An elderly couple was returning to Wisconsin from Florida in a small twin-
engine airplane when the husband, the only pilot aboard, had a heart
Nightmares are made of such moments.
Helen Collins, 80 years old, watched the fuel gauge of her small twin-engine airplane drop slowly for more than an hour as it circled a rural Wisconsin runway at an altitude of about 2,000 feet, or 600 meters. Her husband, the only pilot in the aircraft, was unconscious at the controls, having apparently suffered a heart attack. She knew that if she was going to survive, she had no choice but to learn how to fly -- and fast.
The couple was returning home to Sturgeon Bay, Wisc., from Florida on Monday, having stopped briefly in Georgia to refuel before embarking on the final three-hour stretch of their journey. They flew together often, several times a month, storing their planes at the Door County Cherryland Airport, about an hour northeast of Green Bay.
Ms. Collins was still about seven minutes away from the airport when she called for help, dialing 911 dispatchers from her cellphone to say that her husband, John Collins, 81, was unresponsive, and that there was no one to land the plane.
Emergency vehicles quickly arrived at the tarmac and waited. Robert Vuksanovic, a local certified flight instructor, jumped in another plane and flew up beside her, coaching from cockpit to cockpit by radio, trying to cram at least a month's worth of pilot training lessons into mere minutes.
"She had her wits," said Keith Kasbohm, the Cherryland Airport director, who was among the team helping Ms. Collins from the ground. "She's an 80-year-old woman, but she's I guess what I would call a young 80-year-old woman. She's very spry, and to be in that situation and to be able to keep her cool the way she did is just amazing."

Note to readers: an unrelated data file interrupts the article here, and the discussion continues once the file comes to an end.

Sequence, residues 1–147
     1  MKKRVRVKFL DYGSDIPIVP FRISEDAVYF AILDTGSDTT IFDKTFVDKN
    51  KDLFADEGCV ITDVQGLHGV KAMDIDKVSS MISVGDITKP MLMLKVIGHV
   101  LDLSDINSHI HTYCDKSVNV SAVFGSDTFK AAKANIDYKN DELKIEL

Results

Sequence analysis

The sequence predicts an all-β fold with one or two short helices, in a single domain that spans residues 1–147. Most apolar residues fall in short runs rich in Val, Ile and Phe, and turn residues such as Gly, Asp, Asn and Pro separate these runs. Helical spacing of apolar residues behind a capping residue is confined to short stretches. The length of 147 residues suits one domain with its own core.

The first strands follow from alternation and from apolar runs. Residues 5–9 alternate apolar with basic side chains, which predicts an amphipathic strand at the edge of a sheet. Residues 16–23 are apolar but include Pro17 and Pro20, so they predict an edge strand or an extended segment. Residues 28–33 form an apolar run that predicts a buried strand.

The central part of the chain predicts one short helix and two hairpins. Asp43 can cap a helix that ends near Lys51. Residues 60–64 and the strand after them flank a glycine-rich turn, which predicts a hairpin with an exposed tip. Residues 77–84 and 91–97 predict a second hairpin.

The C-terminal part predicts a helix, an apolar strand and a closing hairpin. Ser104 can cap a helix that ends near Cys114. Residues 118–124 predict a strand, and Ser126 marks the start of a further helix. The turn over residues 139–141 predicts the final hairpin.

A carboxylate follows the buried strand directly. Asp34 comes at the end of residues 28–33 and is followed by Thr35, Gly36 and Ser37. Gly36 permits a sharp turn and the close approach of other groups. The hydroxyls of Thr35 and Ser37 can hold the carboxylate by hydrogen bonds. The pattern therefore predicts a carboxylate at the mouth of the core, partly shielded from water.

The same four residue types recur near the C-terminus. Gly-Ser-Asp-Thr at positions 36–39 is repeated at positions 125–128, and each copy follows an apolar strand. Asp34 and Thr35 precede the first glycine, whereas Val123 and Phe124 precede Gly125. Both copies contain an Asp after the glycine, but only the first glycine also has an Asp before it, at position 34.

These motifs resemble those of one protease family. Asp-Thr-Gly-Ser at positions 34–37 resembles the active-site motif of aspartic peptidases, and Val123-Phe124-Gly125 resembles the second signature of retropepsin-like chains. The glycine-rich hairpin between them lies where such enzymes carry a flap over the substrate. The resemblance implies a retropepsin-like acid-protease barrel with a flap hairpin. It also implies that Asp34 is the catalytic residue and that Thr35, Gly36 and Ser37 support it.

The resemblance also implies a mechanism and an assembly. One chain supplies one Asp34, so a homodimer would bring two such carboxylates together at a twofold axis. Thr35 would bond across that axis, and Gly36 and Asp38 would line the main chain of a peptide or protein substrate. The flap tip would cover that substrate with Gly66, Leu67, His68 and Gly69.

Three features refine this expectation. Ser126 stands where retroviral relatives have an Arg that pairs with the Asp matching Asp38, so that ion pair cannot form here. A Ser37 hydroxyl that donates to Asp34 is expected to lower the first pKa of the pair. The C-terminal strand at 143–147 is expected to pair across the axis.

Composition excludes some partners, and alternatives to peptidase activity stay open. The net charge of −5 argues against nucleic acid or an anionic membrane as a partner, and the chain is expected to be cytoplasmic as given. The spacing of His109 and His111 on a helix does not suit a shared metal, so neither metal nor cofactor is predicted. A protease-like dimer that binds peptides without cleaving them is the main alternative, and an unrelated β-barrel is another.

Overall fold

She approached the runway three times. The first was just for practice. The second time, she came in too high, too fast, and had to abort the landing.
When she rounded for the third attempt, however, she radioed down to say she could hear her right engine begin to sputter. "She knew at that point she didn't have enough fuel to miss and go around and try it again," Mr. Kasbohm said.
The wheels finally hit the tarmac hard, bouncing the plane into the air and collapsing the nosewheel before skidding to a halt. Mr. Collins was rushed to a local emergency room, where he was pronounced dead. Ms. Collins, who could not be reached for an interview, walked away with minor injuries to her vertebrae and a cracked rib.
"It was just like the airplane was on autopilot," said Mr. Vuksanovic, the flight instructor who flew beside her, guiding even as she touched down. "I've seen a lot, but I know I haven't seen it all, because this was new to me: to see somebody with basically no multiengine experience to successfully, safely do what she did."
James Collins, 54, also a pilot, stood on the ground listening to his mother as she prepared to land the plane. By then, he said Ms. Collins knew that her husband had already passed away. All he could focus on was the fear of losing both his parents on the same day. "You're watching all this, and you don't know if your mom can actually land the plane," he said. "But you're praying she can. And she did it."
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